Little Britain sketch racist and outdated, Ofcom research says

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David Walliams and Matt Lucas created and starred in award-winning show Little Britain
By Emma Saunders
Entertainment reporter

A Little Britain sketch has been deemed “explicitly racist and outdated”, with some viewers surprised it is still available to watch on BBC iPlayer.

TV watchdog Ofcom showed people a number of clips as part of a study into views on potentially offensive content.

The Little Britain sketch, first shown in 2003, features a David Walliams character using racist terms to describe an Asian character.

Ofcom said participants in its research felt that “society had moved on”.

In response, the BBC said: “All jokes in our output are judged on context and intent.

“The sketches in which the character Linda Flint makes reference to the appearance or race of a series of people are intended to expose and ridicule some of the outdated prejudices and racism that still exist in parts of British society, which is more apparent when viewing the sketches within the context of a full episode, and across the series as a whole.

“The programme is part of the BBC’s comedy archive and information is provided for iPlayer viewers about the inclusion of discriminatory language.”

Before viewers click to watch the episode, they see a warning that reads: “Contains adult humour. Contains discriminatory language.”

Peaky Blinders, starring Cillian Murphy, was among the other shows used in the research

Polling company Ipsos questioned 115 people on Ofcom’s behalf for the research.

“A few participants said they found it funny but seemed embarrassed to say this and could recognise why it would be offensive,” the media regulator’s report said.

“This content was not considered acceptable for linear TV and many were surprised that it was available on BBC iPlayer.

“Others thought a VoD (video on demand) platform was appropriate because it meant viewers could have the choice about whether to watch the content or not.

“However, they did not think the current rating was enough, wanting a warning about the racist language and an explanation for why it was still accessible. For some, the content was considered too problematic, even for VoD.”

The report added: “The clip was considered less acceptable because the participants felt it was purposely offensive in stereotyping and targeting an ethnic minority group for comedy purposes. Some reasoned that it was important to still show this content to reflect the beliefs of society at the time.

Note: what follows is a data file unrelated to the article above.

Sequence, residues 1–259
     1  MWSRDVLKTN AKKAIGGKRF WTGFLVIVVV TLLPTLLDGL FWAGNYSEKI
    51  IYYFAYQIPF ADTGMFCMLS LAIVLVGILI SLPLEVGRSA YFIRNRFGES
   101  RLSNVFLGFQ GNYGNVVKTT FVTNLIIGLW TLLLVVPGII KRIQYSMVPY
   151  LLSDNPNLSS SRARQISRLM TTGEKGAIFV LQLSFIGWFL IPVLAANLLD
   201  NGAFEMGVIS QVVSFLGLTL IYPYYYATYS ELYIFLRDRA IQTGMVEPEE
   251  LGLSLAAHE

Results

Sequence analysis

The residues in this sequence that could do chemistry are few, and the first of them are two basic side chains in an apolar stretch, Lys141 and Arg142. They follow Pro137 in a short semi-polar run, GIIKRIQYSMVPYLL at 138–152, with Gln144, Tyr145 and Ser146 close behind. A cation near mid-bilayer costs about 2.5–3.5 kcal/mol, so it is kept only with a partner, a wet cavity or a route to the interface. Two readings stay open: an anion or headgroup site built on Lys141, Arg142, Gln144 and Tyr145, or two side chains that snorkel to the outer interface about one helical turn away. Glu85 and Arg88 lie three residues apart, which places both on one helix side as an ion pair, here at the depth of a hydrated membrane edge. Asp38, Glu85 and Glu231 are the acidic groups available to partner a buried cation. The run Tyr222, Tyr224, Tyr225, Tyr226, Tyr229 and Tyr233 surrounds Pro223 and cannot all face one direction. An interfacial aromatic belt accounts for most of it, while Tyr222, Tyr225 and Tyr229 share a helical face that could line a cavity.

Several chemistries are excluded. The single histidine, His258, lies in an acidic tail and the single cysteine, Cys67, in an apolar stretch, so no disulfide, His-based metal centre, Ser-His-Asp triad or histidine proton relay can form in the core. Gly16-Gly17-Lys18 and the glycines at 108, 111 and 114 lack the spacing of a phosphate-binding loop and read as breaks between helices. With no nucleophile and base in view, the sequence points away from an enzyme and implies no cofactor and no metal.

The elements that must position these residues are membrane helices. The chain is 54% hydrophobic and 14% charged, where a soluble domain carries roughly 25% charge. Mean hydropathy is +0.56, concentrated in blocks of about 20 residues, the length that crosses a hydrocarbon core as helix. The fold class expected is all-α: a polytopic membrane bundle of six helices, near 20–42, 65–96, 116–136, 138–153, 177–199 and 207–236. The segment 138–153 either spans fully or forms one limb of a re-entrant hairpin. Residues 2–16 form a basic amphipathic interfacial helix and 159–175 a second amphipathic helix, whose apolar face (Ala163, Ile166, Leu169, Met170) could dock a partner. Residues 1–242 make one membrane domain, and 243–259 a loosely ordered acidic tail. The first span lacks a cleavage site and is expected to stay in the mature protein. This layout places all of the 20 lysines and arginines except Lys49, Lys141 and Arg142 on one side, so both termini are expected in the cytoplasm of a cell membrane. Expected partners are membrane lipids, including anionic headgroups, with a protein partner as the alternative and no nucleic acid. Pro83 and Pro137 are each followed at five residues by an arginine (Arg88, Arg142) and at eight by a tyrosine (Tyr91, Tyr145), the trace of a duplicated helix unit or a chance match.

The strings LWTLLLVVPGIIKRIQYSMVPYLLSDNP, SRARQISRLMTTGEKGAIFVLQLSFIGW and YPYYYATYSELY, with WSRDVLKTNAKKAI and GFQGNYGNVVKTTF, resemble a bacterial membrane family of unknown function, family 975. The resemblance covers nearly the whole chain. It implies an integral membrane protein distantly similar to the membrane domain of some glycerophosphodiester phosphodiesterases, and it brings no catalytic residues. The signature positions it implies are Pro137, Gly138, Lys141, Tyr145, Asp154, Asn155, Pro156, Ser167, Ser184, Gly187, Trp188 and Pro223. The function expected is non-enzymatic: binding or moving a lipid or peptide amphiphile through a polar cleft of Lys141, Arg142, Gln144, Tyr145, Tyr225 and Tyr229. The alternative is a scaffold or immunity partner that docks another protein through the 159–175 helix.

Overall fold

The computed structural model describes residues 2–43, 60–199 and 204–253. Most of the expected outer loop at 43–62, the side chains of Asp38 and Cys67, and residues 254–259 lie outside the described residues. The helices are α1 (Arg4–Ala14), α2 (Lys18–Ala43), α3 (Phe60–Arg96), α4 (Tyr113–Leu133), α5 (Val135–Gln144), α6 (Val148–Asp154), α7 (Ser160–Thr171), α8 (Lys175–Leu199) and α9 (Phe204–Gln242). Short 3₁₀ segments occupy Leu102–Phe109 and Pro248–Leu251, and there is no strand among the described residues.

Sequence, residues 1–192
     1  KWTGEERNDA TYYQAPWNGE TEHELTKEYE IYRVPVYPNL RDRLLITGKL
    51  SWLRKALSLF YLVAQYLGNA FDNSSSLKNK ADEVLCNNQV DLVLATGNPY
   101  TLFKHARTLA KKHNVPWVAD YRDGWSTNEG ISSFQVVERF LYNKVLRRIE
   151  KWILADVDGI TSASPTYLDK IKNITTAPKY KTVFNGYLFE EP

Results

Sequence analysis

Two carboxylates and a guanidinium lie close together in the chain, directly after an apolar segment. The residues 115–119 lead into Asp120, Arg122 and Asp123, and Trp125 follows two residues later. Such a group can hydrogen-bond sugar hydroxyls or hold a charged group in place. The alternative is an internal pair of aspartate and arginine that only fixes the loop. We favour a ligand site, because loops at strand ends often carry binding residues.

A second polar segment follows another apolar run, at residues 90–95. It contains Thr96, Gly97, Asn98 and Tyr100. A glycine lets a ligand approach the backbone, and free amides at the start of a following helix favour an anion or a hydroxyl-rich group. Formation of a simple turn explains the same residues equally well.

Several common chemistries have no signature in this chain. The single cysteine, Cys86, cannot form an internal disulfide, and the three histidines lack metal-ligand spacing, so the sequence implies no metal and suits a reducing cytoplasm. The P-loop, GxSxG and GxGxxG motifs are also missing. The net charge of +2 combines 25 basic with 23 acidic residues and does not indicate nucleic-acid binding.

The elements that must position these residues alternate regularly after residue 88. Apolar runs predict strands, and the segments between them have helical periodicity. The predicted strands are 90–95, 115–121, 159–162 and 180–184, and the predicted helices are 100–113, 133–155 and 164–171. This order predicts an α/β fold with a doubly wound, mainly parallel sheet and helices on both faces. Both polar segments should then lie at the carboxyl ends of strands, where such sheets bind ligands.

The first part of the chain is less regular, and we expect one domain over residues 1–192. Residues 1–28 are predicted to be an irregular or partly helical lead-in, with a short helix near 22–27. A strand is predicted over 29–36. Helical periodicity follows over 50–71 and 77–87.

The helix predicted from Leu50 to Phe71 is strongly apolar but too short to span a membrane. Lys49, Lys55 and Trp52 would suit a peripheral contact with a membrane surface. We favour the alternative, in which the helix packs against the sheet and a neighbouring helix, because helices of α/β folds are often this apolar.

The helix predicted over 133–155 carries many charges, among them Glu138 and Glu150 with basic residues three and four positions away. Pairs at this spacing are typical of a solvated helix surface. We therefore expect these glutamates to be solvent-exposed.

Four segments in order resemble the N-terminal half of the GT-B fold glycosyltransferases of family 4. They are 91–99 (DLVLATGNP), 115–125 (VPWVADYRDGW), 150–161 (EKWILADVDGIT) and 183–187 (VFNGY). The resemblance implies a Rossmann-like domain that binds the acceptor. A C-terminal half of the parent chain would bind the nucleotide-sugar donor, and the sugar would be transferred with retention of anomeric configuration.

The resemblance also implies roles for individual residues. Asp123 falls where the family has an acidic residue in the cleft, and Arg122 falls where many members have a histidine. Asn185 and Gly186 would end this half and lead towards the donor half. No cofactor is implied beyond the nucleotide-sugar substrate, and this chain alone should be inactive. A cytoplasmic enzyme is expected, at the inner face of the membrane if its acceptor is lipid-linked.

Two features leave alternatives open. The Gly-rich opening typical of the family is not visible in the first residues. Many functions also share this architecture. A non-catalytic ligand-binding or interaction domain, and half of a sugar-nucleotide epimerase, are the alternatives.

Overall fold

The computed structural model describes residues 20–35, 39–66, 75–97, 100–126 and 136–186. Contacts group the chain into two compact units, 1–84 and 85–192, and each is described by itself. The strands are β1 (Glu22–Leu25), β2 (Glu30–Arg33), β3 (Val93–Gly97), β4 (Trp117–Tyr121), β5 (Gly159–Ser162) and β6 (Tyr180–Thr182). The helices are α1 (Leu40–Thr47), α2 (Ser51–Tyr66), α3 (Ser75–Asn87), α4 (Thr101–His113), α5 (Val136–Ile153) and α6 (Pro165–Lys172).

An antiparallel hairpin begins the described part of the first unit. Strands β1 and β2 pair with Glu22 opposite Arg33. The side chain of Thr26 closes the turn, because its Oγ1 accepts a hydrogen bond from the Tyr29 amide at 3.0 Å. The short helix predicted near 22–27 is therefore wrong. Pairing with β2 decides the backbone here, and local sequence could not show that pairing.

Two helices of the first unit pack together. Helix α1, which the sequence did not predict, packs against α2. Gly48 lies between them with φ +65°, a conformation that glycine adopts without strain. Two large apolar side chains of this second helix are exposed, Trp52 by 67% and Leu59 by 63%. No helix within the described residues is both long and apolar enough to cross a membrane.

“However, there were concerns that it could normalise racist behaviours which could be repeated by young children.”

One respondent, a father from Scotland, said: “If I saw my daughter watching that and then mimicking it, I’d be horrified.”

Episodes of Little Britain, starring Walliams and Matt Lucas, have previously been removed from streaming services following criticism over the use of blackface in the show. The whole series was removed in 2020 but returned last year with some scenes edited out.

Ofcom said further research found that the portrayal of sex and sexual relationships on TV has improved and modernised.

People said programmes are less likely to include the objectification of women, gender stereotypes or uncritical views of exploitative relationships.

Viewers also said sex scenes were less likely to be exclusively from the perspective of a man.

But there was a feeling that levels of violence on TV have increased and intensified.

Graphic and realistic violent content is considered the norm after the 21:00 watershed, while some viewers found that previously taboo topics such as sadistic behaviour and sexual violence are now more common, Ofcom said.

The media watchdog surveyed 118 people for that study.

Some participants felt the increase in violence on screen reflected changes in society and audiences’ tastes, but others felt this was driven by a need to increase ratings and compete with more graphic and adult-focused content on streaming services.

Viewers said more realistic scenes of violence, like those in shows such as Game of Thrones and Peaky Blinders, made programmes more immersive and exciting, and also noted that modern portrayals were more likely to show the negative consequences of violent action.

One participant said: “With dramas like Peaky Blinders, that violence happens for a reason and it’s to make you feel a certain way about a a character… It’s not just happening for the sake of it.”

Parents also said warnings and the watershed were still important measures to protect children, and that people expect edgier content to be shown on subscription services.

But they acknowledged that on-demand viewing had diminished the effectiveness of the watershed as a parental control.

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10 June 2020
9 June 2020